Computer Simulations of the Martian Atmosphere Interacting with the Solar Wind
http://svs.gsfc.nasa.gov/vis/a000000/a002900/a002962/index.html

Tom Bridgman, Marte Newcombe, Cindy Starr, Naoki Terada, Hiroyuki Shinagawa, NASA GSFC Scientific Visualization Studio, NASA GSFC Scientific Visualization Studio, NASA GSFC Scientific Visualization Studio, Solar-Terrestrial Environment Laboratory; Nagoya University; Japan, Solar-Terrestrial Environment Laboratory; Nagoya University; Japan


Mars possesses no significant intrinsic magnetic field. The absence of magnetic
protection allows the supersonic solar wind flow to directly interact with the
Martian ionosphere (an almost fully ionized region of the Mars upper
atmosphere). When the velocity of the solar wind increases,
the Martian ionosphere is compressed and the ionopause (a boundary layer
between the ionosphere and the solar wind) is displaced to lower altitudes.
The ions of planetary origin such as O+ and O2+ escape from the upper
atmosphere of Mars due to solar wind induced scavenging processes. Many more
planetary ions are scavenged when the solar wind velocity increases because a
much larger part of the planetary atmosphere is exposed to the solar wind as
the ionopause is pushed inwards towards the planetary surface.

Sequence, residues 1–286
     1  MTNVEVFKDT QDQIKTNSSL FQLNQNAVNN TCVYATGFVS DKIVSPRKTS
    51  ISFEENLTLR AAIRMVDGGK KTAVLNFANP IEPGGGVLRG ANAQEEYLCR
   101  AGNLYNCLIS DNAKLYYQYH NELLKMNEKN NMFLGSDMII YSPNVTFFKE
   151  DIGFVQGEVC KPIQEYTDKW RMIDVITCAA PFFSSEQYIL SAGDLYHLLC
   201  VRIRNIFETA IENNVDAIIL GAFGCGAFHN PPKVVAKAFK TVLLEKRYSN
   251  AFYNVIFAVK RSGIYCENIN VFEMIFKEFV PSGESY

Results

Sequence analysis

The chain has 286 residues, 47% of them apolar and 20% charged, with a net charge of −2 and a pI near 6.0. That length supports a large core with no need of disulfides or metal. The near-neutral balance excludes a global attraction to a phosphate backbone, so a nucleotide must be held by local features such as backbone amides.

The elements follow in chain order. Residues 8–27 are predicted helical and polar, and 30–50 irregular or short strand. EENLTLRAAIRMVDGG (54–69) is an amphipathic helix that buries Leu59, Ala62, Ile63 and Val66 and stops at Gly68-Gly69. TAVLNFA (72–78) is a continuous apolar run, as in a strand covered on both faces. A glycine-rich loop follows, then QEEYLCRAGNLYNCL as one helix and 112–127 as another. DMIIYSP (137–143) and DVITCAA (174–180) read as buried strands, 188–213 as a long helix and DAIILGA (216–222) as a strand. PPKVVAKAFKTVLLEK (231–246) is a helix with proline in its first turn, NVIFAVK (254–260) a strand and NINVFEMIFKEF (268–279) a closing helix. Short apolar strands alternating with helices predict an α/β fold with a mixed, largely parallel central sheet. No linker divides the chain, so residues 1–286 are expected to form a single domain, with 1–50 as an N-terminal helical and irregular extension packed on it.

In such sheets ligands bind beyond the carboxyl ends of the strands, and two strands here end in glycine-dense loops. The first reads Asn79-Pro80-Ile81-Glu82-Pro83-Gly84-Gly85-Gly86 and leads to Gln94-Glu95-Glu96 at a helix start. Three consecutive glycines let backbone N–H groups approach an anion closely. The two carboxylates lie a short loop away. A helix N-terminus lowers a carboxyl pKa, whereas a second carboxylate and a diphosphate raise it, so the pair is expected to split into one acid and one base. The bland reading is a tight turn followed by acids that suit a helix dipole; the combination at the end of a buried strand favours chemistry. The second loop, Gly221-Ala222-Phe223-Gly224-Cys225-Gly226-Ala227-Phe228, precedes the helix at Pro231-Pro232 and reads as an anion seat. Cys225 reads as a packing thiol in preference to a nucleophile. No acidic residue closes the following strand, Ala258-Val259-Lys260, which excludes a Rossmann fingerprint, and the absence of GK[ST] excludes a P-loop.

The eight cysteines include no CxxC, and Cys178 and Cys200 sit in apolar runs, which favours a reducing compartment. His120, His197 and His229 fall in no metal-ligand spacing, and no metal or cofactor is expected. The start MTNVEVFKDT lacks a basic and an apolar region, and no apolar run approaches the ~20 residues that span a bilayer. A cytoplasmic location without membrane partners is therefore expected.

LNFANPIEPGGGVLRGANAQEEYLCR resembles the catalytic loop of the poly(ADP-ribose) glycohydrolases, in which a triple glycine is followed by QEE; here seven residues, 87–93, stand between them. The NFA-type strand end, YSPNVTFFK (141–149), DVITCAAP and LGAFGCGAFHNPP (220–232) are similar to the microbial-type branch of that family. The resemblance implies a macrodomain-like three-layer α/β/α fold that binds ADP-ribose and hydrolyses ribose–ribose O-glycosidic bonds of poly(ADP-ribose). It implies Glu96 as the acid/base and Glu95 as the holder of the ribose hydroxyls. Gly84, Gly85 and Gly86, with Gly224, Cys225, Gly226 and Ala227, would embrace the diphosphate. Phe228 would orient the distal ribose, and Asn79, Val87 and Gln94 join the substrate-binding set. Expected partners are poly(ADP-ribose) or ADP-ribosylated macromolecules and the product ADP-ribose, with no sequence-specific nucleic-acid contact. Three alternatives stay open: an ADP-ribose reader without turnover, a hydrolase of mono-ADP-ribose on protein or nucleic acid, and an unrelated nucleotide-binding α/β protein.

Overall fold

There are some indications that the solar wind flow, as well as the Suns x-ray
and extreme ultraviolet radiation, were much more intense early in solar system
history. It is thought that some 3.5 billion years ago, these extreme
interplanetary conditions may have caused a much larger rate of water loss from
the Martian atmosphere. We estimate that the solar wind scavenging pictured
here under the extreme conditions in the early solar system would have caused
the loss of a 10 meter global equivalent ocean layer from Mars over the last
3.5 billion years. This loss is less than one tenth of the 156 m global
equivalent ocean layer estimated to have existed on early Mars using the Mars
Global Surveyor observations.
Arrows represent the flow of the ions of planetary origin. The colors represent the density of the
Martian ionosphere, with red as high and blue as low.

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This resource is referenced here:
Subject: Geoscience:Lunar and Planetary Science
Grade Level: College Lower (13-14), Graduate/Professional, College Upper (15-16)
Topics: Solar systemKeywords: Mars, Atmosphere, Solar Wind